Friday, September 14, 2018

Tonight's Movie: The Man Who Cheated Himself (1950) - A Flicker Alley Blu-ray Review

Film noir fans have a real treat in store with the new Flicker Alley Blu-ray/DVD release of THE MAN WHO CHEATED HIMSELF (1950).

Flicker Alley's release, in conjunction with the Film Noir Foundation and UCLA, is of UCLA's brand-new restoration of this terrific film. I first saw it last year at the Noir City Hollywood Festival, and then I enjoyed seeing the new UCLA print this year at the Arthur Lyons Film Noir Festival.

This is a tremendously fun film, and anyone who has seen the Flicker Alley releases of TOO LATE FOR TEARS (1949) and WOMAN ON THE RUN (1950) knows what a fine job was done with those sets. THE MAN WHO CHEATED HIMSELF is an equally attractive release, from case cover art to disc contents, and the print is superb.

THE MAN WHO CHEATED HIMSELF is San Francisco Police Lt. Ed Cullen (Lee J. Cobb), who's having a fling with wealthy Lois Frazer (Jane Wyatt). Lois believes her husband has plans to kill her, so she shoots him first...and then Ed makes his big mistake, deciding he'll help Lois avoid any complications by dumping hubby's body in the San Francisco Bay.

Needless to say, the complications for Ed and Lois are actually only just beginning...especially with Ed's inquisitive, observant kid brother Andy (John Dall), himself a newly minted police detective, asking way too many questions.

I really love this film, with its unusual choices for lead actors, and I particularly enjoy Wyatt's highly entertaining, over-the-top performance as the femme fatale of the piece. TV's future "perfect mom" alternates manipulative whining with nerves of steel, and her final kiss-off to the rueful, helpless Cobb as she walks away in their last scene is priceless.

Dall is appealing as the man who's increasingly dismayed as all trails seem to lead back to his brother; this was released the same year as his classic GUN CRAZY (1950). Lisa Howard, who was married to the film's director, Felix E. Feist, and later became a journalist, plays Andy's artist bride.

This fast-paced 81-minute film was filmed in black and white by Russell Harlan. The movie's appeal is accentuated by many outstanding San Francisco locations shot by Harlan, with the final, extremely memorable sequence taking place in Fort Point, years before it was immortalized by Alfred Hitchcock in VERTIGO (1958).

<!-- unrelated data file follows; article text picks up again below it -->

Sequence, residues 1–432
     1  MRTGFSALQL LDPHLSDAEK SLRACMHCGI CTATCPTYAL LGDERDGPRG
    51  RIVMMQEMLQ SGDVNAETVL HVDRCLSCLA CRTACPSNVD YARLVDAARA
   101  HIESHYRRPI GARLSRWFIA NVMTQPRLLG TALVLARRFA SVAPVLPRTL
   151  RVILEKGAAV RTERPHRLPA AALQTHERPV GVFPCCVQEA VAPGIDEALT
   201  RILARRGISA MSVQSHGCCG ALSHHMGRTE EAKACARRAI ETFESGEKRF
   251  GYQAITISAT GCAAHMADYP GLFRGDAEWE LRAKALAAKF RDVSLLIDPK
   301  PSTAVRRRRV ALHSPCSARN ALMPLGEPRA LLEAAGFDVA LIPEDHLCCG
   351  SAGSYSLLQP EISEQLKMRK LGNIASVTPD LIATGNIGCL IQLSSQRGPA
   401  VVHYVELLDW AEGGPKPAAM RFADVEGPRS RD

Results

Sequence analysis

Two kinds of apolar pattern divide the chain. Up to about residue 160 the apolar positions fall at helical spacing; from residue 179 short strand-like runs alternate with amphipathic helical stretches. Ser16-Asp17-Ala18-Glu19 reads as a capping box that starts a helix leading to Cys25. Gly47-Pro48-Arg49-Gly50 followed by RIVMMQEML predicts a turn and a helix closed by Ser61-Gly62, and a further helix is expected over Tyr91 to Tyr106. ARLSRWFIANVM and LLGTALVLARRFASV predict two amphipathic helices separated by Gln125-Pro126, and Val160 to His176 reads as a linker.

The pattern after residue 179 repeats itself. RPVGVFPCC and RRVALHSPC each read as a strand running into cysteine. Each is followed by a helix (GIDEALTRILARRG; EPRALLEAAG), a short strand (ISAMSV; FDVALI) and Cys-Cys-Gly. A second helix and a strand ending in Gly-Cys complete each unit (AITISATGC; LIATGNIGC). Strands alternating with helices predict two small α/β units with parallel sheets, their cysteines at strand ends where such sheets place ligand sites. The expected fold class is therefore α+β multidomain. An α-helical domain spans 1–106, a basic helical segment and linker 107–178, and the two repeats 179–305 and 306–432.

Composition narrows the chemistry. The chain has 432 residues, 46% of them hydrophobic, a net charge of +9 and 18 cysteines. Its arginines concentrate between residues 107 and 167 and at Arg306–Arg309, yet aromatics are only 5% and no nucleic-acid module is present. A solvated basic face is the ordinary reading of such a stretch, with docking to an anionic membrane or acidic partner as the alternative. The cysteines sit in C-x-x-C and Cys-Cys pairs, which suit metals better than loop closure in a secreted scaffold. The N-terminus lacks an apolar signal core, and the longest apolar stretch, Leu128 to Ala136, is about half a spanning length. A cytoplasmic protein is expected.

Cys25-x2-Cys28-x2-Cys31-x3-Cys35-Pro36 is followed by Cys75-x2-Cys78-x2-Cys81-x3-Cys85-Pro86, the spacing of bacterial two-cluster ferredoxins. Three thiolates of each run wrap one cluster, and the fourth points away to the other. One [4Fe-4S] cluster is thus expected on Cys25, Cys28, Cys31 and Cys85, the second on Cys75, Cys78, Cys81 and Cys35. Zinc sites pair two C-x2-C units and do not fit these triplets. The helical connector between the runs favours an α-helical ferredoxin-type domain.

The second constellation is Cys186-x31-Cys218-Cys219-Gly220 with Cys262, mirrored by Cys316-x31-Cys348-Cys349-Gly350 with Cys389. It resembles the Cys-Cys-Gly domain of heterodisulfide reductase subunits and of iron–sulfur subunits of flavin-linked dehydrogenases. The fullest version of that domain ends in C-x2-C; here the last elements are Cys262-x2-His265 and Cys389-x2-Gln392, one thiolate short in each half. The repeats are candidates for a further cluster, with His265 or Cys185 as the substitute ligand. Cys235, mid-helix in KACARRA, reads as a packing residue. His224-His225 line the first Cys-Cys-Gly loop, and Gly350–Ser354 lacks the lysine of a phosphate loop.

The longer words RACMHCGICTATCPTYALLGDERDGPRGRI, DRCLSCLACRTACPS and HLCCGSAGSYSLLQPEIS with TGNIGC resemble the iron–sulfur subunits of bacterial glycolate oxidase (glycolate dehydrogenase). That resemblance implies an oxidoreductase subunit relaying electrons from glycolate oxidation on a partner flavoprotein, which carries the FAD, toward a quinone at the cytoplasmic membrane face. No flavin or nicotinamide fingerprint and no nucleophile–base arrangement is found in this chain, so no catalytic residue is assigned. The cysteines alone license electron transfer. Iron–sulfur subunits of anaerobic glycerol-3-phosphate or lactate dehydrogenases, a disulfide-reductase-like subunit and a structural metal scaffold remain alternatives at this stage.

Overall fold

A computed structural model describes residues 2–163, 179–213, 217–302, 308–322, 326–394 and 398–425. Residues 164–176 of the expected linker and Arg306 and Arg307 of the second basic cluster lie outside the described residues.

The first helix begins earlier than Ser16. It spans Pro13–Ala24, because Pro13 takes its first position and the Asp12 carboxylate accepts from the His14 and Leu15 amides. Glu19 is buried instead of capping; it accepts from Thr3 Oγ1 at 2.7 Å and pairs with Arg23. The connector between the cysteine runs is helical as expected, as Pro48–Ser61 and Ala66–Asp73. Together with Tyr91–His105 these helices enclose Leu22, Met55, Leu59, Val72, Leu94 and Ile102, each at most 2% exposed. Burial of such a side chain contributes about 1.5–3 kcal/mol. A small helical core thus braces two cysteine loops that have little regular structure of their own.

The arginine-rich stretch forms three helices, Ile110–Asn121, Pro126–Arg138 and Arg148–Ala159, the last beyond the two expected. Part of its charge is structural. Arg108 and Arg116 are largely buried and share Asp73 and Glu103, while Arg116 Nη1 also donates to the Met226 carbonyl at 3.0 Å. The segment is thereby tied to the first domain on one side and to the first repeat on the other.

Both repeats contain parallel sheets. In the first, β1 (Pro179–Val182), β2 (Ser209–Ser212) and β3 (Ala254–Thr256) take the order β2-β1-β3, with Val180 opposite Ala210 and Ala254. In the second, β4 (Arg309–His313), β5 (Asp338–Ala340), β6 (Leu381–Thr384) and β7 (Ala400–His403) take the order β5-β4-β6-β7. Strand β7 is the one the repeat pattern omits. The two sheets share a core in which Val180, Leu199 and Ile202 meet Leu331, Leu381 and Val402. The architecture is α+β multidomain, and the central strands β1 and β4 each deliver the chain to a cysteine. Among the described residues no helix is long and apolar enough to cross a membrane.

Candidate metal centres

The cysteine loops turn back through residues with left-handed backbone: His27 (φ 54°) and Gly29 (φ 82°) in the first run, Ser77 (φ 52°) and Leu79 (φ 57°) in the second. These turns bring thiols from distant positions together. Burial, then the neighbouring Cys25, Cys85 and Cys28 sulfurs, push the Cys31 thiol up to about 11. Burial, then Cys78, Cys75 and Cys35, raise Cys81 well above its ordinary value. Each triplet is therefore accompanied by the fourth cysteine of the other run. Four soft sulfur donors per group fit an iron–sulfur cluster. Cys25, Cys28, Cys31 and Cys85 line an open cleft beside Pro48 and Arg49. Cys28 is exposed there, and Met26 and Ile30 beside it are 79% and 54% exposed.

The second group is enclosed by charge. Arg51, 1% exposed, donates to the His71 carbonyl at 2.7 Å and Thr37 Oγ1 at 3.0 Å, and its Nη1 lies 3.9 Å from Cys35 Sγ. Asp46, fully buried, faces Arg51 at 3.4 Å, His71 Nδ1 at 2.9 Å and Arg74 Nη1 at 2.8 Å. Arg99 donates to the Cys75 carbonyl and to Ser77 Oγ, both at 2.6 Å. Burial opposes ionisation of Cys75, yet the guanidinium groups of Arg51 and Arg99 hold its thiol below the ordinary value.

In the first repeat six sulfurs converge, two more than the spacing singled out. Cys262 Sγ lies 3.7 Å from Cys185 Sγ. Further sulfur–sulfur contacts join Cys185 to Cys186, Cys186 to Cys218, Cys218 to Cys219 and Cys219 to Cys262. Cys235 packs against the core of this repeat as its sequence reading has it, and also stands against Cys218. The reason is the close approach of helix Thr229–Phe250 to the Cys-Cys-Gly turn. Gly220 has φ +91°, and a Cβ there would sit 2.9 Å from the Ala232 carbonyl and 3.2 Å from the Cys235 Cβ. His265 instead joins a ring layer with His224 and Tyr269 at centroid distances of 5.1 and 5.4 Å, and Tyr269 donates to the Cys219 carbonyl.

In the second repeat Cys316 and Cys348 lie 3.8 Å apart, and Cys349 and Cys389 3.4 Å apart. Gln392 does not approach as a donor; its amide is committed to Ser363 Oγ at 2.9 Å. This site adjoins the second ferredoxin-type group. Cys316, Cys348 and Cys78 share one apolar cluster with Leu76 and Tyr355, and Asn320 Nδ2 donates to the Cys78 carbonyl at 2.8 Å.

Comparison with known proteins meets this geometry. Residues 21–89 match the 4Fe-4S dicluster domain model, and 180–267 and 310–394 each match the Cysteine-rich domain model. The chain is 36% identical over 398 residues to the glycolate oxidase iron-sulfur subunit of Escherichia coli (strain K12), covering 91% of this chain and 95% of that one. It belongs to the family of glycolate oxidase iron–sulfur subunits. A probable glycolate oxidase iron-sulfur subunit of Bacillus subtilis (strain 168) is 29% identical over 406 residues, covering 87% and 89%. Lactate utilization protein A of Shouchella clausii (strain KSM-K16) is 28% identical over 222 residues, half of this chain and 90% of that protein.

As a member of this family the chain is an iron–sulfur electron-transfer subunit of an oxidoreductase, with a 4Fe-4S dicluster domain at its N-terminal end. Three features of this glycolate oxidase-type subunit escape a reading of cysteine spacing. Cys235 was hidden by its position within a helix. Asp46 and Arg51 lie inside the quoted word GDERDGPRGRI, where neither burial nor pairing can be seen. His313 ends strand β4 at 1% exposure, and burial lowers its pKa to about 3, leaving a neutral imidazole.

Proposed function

This is a combination set which includes both Blu-ray and DVD discs. The extras include two featurettes, a longer 22-minute discussion of the film's production and a short but nifty look at the movie's locations; a restored version of the original theatrical trailer; and a glossy 24-page souvenir booklet, which has terrific photos.

I especially enjoyed the locations featurette; my own 2017 photos of the movie's Fort Point location may be found here. (Incidentally, there's a terrific photo spread of Fort Point on the inside of the case.) It was fun to learn that while most of the location shooting was done in San Francisco, the exterior of Jane Wyatt's home was in the Los Feliz area of Los Angeles.

I do wish that this set had followed in the footsteps of TOO LATE FOR TEARS and WOMAN ON THE RUN and also provided a commentary track, but other than wishing for that, this is a terrific top-drawer release which is a must for anyone who loves film noir.

Thanks to Flicker Alley for providing a review copy of this Blu-ray/DVD set.

THE MAN WHO CHEATED HIMSELF may be purchased at the Flicker Alley website as well as through retailers such as Amazon.


Blogger Jerry Entract said...

A commentary track by the esteemed Mr. Roan would have been icing on the cake!!

This is a terrific 'noir' and a is recommended to any fan that has not yet seen the film. It has not been easy to find until recently and is a real 'sleeper'.

I'm fully with Laura in her opinion here.

9:20 AM  
Blogger Bill said...

Thanks for the review--- Same day as Savant's. IT's on my list, but I resent having to buy both BD and DVD. Looking forward to it.

2:59 PM  
Blogger Margot Shelby said...

I like this movie too. I'm so glad it was finally remastered. I saw it on youtube a while ago, the copy is pretty bad.

My only very minor problem is Jane Wyatt as femme fatale. It works, though only barely. Her last scene however makes up for any reservations I have about her portrayal.
The location shooting is fantastic.

3:03 PM  
Blogger Laura said...

Thanks for adding your recommendation, Jerry! This film was one of my favorite discoveries of the last few years.

Bill, glad you mentioned Savant reviewed it. Always enjoy reading him, and when I went over to his review I discovered a nice link in the last line, to my San Francisco locations post:

Thanks to the Savant!!

Margot, if you haven't seen the Flicker Alley release yet, you're going to be really wowed by this print after watching it on YouTube!!

I liked what Eddie Muller says in the featurette, that Wyatt's character is almost putting on a "performance" for Cobb's character in the film. I think it's true and sort of explains some of her florid performance, although she's also highly melodramatic when he's not in the room. Yet she's so cool at other times -- that last scene really does help make the movie, doesn't it? And some of my favorite movie location work ever!

Best wishes,

4:08 PM  
Blogger Seth said...

TCM is showing this very early in the morning tomorrow (Tuesday the 25th). Too bad I need to sleep....

8:18 PM  
Blogger Laura said...

Hi Seth, Hope you can catch up with it another time if you slept through it...or maybe via the Flicker Alley set! Fun movie, hope you'll enjoy it.

Best wishes,

10:38 PM  

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